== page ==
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Werner Katzenstein postcards

Document | Not Digitized | Accession Number: 2014.307.1

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    The Werner Katzenstein postcards include one postcard addressed to Katzenstein while he lived in the Netherlands; postcards addressed to unrelated people including Hans Bornemann, Robert Heinemann, Wilhelm Schaefer, and others; and blank postcards documenting the 1936 Olympics, bear Deutsches Reich stamps and Nazi imagery, and one advertising "Der ewige Jude."
    inclusive:  1904-1948
    Credit Line
    United States Holocaust Memorial Museum Collection, Gift of Inge and Werner Katzenstein
    Collection Creator
    Werner Katzenstein
    Werner Katzenstein was born on April 29, 1922, in Wallensen, Germany. In 1933, the Nazi dictatorship took control of Germany. All the male Jews in the county where they lived, including Werner’s father, were jailed. His father was released after 8-10 days. Werner had to leave school. The government enacted legislation to strip Jews of their rights. In 1935, Werner’s father was no longer allowed to buy grain and was forced to close his farming supply business. Aided by a relative, his father acquired property in the Netherlands and the family moved there in 1937. His father continued to seek a more secure haven for his family. In June 1939, they left for the United States. They settled in Somerville, New Jersey and developed a farm business.

    Werner was considered an enemy alien, but was permitted to register for the draft. He was inducted into the US army in March 1944. After basic training, he was trained for intelligence and reconnaissance work and assigned to the 100th Infantry Division. He deployed to Europe, entering combat in southern France and the Vosges Mountains. Werner was wounded in battle in November, but rejoined his platoon in January 1945. The unit advanced into Germany and captured Heidelberg. The war ended with Germany’s surrender on May 7, 1945. Werner then worked for the military government. He traveled to Theresienstadt concentration camp in Czechoslovakia to visit family who had been imprisoned there. Werner returned to New Jersey on April 30, 1946. He married Inge Berg, who had fled Germany after Kristallnacht with her extended family and lived in Kenya for the duration of the war. The couple had three children and settled in Washington, D.C. Werner, 93, passed away November 4, 2015.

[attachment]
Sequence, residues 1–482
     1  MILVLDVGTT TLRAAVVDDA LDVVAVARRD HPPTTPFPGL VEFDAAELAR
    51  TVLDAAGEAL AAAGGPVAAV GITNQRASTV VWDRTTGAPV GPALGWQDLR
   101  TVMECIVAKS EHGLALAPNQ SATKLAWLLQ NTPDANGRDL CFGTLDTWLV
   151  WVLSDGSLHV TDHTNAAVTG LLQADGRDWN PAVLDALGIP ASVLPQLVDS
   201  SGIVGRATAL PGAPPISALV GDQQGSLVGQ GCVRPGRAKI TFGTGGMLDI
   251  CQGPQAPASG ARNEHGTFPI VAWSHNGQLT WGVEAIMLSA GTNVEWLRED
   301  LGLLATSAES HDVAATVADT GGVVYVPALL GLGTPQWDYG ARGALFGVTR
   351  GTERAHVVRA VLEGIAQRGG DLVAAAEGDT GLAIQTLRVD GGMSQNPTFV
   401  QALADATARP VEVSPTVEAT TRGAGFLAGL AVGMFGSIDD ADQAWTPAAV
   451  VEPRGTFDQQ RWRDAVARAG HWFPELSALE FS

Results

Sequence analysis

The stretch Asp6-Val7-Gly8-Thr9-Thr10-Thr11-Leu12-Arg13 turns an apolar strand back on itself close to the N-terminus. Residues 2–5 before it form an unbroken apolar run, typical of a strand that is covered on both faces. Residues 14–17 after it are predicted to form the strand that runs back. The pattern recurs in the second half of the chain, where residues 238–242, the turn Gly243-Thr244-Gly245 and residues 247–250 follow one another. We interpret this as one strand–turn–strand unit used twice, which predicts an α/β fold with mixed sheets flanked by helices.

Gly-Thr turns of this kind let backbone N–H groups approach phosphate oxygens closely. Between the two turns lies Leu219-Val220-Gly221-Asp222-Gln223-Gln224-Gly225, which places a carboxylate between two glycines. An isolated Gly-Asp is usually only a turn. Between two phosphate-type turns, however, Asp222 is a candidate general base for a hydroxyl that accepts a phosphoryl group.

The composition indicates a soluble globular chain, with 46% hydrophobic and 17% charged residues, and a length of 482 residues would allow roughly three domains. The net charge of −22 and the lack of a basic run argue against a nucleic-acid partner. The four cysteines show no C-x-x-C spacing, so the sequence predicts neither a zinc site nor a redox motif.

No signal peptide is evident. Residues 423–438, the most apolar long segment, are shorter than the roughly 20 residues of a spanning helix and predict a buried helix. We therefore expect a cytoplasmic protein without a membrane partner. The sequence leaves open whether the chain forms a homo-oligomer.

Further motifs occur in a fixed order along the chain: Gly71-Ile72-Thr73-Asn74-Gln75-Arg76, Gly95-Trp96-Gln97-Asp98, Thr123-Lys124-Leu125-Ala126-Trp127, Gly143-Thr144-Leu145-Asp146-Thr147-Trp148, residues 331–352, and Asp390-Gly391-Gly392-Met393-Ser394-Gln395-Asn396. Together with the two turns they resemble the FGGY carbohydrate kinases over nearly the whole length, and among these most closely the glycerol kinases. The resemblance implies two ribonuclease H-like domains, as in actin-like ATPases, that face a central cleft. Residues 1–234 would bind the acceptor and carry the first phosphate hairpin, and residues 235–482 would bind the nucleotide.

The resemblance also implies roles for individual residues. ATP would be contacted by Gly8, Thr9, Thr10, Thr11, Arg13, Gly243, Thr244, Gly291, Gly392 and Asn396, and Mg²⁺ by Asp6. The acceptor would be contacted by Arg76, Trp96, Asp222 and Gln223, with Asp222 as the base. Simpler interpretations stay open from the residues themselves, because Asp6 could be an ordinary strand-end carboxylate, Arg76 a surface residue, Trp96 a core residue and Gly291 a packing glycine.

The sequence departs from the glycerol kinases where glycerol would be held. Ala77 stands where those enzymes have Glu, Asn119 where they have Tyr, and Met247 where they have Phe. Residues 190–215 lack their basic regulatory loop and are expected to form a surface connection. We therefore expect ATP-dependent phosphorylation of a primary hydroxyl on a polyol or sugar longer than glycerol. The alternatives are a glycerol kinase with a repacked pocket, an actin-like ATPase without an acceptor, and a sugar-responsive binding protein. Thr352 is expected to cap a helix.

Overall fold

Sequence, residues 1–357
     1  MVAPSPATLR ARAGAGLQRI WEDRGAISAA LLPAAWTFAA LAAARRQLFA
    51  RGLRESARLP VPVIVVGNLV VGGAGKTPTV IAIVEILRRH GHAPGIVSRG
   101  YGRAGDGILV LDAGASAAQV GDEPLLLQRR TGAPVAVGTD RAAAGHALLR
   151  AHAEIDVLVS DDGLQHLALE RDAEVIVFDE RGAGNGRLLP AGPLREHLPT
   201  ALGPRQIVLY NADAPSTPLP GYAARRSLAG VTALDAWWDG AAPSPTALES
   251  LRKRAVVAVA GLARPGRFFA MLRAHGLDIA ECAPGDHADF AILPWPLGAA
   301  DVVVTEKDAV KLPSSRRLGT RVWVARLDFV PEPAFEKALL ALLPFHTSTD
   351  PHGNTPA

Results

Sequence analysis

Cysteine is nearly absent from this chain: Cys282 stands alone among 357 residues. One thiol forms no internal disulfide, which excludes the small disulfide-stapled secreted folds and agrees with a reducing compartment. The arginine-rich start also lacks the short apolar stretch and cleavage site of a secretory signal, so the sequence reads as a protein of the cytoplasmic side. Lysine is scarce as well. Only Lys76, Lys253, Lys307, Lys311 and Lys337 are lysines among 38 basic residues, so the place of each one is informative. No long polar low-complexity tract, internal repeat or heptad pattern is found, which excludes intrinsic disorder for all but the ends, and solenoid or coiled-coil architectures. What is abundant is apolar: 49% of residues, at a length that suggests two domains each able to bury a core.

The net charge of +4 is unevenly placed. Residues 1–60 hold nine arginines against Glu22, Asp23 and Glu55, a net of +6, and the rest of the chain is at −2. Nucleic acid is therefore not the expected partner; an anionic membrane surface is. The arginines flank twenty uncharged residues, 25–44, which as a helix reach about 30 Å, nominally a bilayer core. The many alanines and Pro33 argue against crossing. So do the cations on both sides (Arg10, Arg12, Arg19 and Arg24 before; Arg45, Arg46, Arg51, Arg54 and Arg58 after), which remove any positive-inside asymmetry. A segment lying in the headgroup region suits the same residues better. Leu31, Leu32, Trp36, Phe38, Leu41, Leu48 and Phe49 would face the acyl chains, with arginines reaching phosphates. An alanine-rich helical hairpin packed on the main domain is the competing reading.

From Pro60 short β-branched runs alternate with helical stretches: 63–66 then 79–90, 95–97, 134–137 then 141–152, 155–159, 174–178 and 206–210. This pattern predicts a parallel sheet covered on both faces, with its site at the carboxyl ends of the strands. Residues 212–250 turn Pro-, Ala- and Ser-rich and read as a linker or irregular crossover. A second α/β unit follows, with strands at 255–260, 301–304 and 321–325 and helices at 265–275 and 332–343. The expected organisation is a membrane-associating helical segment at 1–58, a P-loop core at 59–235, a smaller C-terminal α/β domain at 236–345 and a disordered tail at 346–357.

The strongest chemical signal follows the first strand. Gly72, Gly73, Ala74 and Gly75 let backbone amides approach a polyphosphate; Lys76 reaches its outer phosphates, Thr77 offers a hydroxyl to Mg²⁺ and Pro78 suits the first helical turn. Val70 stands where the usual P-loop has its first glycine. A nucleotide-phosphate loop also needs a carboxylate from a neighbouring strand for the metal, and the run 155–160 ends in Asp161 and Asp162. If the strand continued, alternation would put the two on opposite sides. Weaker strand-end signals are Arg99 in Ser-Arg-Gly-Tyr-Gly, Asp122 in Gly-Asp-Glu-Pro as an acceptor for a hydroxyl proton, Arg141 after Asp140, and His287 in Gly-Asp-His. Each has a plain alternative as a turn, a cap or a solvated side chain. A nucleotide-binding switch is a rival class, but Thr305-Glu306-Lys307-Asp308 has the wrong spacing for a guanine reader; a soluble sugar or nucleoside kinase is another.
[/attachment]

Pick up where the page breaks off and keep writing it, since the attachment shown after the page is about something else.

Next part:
Physical Details

    1 folder

    Rights & Restrictions

    Conditions on Access
    There are no known restrictions on access to this material.
    Conditions on Use
    Material(s) in this collection may be protected by copyright and/or related rights. You do not require further permission from the Museum to use this material. The user is solely responsible for making a determination as to if and how the material may be used.

    Keywords & Subjects

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    Administrative Notes

    Donated to the United States Holocaust Memorial Museum in 2014 by Werner and Inge Katzenstein
    Funding Note
    The cataloging of this collection has been supported by a grant from the Conference on Jewish Material Claims Against Germany.
    Record last modified:
    2023-02-24 13:43:50
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